Ripping through one report that lacks the decisive conclusions she wants, she exclaims, "I want controversies! Give me something that investors can use." Weill says that impatience with indecision is one reason he hired her. "Sallie doesn't dilly-dally," he says. "I like that." That, and her financial savvy: "Her understanding of numbers is great. As an analyst she was by far the most astute observer of our business. She can do what needs to be done better than anyone I know."
"I was so ugly," says Krawcheck. "I had braces, glasses, and bad hair, and I was skinny. I wore corrective shoes because I had pigeon toes." She was a seventh-grade student at the elite Ashley Hall school for girls in Charleston, S.C. Charleston is one of the more stratified cities in America, a place where you are not really accepted into society unless you were born (actually, unless your great-grandparents were born) south of Broad Street. Krawcheck was the product of a father who was well-off but Jewish, and a mother who was a less affluent WASP. She felt early on that she did not fit neatly into the culture. Kids laughed at her looks and her name, which was unusual in a city of Rutledges and Beaufains. (The brattiest little Charlestonians called her "Crotch-Check.") Her childhood experience as a social outsider, Krawcheck says, "created this abject fear of failure for which I am grateful now but that was awful as a kid."
By the time she transferred to coed prep school Porter-Gaud as a 14-year-old, the braces had come off. The thick glasses were replaced with contact lenses. She got rid of the corrective shoes, and the 5-foot-6 teenager discovered she could jump higher than almost any of the other girls. She became a track star in high school. Her peers voted her homecoming queen.
She found comfort in playing the underdog, which has proved to be a remarkable tool for success on Wall Street. Krawcheck claims that at Bernstein, where she quickly rose through the ranks, her insecurity made her work excessively long hours and ask lots of questions. By the time she had become widely recognized as the best brokerage analyst on the Street, she gave that up to become Bernstein's research director. In 2001, when real investors rode momentum stocks and Bernstein's value-focused research was unfashionable, she was promoted to the job of CEO. Instead of retrenching, Krawcheck somehow persuaded her bosses at Alliance Capital to triple the number of Bernstein analysts. Soon after, profits were through the roof. When the research scandals broke, it was Bernstein that became the poster shop of integrity on Wall Street. FORTUNE even put Krawcheck on its cover in June 2002 with the headline IN SEARCH OF THE LAST HONEST ANALYST.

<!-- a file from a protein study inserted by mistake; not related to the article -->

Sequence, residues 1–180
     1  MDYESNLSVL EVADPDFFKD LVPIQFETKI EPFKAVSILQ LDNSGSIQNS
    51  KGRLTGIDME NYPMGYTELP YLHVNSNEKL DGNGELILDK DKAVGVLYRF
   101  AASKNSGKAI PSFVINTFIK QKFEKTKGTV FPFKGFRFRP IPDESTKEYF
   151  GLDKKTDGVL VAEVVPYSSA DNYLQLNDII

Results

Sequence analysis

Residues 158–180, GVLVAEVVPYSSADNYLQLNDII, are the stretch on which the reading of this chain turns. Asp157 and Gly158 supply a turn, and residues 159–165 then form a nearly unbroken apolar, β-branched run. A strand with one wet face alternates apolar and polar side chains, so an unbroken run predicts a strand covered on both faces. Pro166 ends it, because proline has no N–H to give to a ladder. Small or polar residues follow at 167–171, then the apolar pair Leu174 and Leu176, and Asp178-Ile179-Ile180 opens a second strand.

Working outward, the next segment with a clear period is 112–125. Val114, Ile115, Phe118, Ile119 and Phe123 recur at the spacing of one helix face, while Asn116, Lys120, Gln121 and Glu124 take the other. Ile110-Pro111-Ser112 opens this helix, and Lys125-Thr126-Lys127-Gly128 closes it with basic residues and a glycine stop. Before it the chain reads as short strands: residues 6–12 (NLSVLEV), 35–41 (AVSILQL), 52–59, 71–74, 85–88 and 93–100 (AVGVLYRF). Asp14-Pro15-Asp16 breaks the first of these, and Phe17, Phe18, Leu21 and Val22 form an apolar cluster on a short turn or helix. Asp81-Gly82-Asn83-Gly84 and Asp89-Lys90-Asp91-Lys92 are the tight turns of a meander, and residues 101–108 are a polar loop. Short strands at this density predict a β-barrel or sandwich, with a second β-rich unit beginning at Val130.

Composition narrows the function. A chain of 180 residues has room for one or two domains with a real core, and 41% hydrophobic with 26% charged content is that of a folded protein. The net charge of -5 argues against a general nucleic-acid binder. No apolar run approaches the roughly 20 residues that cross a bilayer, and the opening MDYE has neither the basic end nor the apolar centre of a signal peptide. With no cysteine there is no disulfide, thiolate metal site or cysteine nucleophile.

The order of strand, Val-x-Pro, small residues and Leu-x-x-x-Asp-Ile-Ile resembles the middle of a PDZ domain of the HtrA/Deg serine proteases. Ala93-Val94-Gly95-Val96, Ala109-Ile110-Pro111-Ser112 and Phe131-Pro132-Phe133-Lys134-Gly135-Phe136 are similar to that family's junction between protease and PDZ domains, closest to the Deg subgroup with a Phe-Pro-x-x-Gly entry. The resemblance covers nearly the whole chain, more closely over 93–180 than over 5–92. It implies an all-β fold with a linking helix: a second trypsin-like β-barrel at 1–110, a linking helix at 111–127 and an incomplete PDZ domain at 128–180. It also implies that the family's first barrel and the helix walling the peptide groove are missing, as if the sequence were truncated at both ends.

Four months later, on a rainy Tuesday afternoon in October, Sandy Weill called. Though she had known Weill back when she was an analyst covering his company, the two hadn't spoken in at least two years. Weill invited her to breakfast that Friday in Citigroup's Park Avenue offices. She had an inkling that a job offer might be in the works, probably a research executive's position. Seated in the windowless room, she could feel her heart thumping. The red blotches she gets when she is nervous were starting to show on her neck. Weill waited until the plates were cleared before he described his plan to combine research and the retail brokerage into a stand-alone company. When he asked if she'd like to run it, she says she momentarily stopped breathing. "Did I surprise you?" Weill asked as they left the dining room.